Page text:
• “Join writers’ organizations, get in a critique groups, enter writing contests, write every day, finish projects, then submit them to agents and publishers. Submit a lot, and stick with it through the rejections (I once got twelve in one day). While submitting one project, work on another. Keep writing. Keep writing. Keep Writing.” Mystery author, Robert Spiller (“Author Robert Spiller writes what he knowsSouthern Colorado Literature Examiner)
• “Discover your writing life style. Do you work best with a strict routine, writing on a set schedule? Does your writing respond best when the muses call or when the mood is right? There’s no right way to approach writing. Find what works for you, and when you do, honor your commitment with the space, equipment and undisturbed focus it deserves.” Young adult author of the Santa Fe Trilogy, Mary Peace Finley (E-mail interview, September 1, 2009)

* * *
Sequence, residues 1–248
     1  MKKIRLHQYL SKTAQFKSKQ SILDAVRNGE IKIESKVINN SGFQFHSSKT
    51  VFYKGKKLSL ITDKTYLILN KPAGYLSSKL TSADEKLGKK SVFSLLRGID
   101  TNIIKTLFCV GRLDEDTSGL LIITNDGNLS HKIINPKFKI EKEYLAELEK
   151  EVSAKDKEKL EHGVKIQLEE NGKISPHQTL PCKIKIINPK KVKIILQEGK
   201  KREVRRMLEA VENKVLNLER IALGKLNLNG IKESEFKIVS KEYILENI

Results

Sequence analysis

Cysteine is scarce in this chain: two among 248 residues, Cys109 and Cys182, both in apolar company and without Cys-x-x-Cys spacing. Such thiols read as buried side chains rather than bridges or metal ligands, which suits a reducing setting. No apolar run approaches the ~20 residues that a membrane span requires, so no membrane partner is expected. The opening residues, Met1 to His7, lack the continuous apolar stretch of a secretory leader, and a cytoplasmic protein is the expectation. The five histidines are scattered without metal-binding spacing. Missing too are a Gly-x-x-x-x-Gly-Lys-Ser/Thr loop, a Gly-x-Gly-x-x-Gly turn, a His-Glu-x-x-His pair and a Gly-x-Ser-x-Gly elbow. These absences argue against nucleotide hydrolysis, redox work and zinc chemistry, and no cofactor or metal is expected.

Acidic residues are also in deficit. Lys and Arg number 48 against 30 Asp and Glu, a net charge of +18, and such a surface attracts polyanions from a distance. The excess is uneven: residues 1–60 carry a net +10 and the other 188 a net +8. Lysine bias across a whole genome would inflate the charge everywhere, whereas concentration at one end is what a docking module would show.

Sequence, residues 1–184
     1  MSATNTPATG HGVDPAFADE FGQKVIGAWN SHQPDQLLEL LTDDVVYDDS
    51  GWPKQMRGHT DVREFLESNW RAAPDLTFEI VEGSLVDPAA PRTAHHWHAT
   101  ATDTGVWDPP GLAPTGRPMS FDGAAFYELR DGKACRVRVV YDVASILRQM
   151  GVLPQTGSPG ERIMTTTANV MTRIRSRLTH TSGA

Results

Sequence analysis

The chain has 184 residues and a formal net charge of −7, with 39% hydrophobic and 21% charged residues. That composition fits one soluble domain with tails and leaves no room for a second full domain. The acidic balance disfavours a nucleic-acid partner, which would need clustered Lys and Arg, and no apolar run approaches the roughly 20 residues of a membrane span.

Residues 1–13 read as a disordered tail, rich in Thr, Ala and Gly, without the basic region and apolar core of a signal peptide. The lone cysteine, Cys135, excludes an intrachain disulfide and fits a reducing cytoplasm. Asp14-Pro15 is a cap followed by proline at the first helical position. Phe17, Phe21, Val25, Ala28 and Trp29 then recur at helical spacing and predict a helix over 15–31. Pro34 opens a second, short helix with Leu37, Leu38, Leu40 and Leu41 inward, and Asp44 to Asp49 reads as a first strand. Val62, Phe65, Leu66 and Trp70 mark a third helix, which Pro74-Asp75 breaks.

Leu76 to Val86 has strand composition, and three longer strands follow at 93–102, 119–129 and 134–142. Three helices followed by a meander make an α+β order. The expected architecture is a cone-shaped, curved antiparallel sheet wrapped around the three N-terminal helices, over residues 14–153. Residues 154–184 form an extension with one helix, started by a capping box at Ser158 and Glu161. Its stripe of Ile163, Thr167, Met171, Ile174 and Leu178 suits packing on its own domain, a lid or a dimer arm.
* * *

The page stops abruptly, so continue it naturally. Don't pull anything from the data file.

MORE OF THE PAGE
• “ if you don’t love it, you won’t persist through the hard bits and you won’t dig deeper to fund the truth of your characters and the logic of your plot.” Fantasy author, Carol Berg (“Epic fantasy author, Carol Berg lives a writer’s fantasy of success”, Southern Colorado Literature Examiner)
• “Subscribe to Writer’s Digest. Read writers who specialize in helping other writers get started, like James Scott Bell and Randy Ingermanson. Go to a writer’s conference–or two or three. The more you learn, the more it’ll help you. But the best is to read what you love and then write better than those you’re reading. Tough orders, but what it takes these days to get published…” Christian Fiction author, Lisa Tawn Bergren. (“Heavenly inspiration keeps author Lisa Tawn Bergren running at a fast pace”, Southern Colorado Literature Examiner)
• “Don’t look to people like me for guidance. Publishing exists in a starkly different world than it did twenty years ago. The strategies that were successful for me would probably doom a hopeful writer today. What endures? Good stories, intriguing characters, quality writing. What is required beyond that? Determination, tenacity, and a thick skin.”, bestselling mystery/thriller series author, Stephen White (“Bestselling series success was an unexpected surprise for Colorado author, Stephen White”, Southern Colorado Literature Examiner)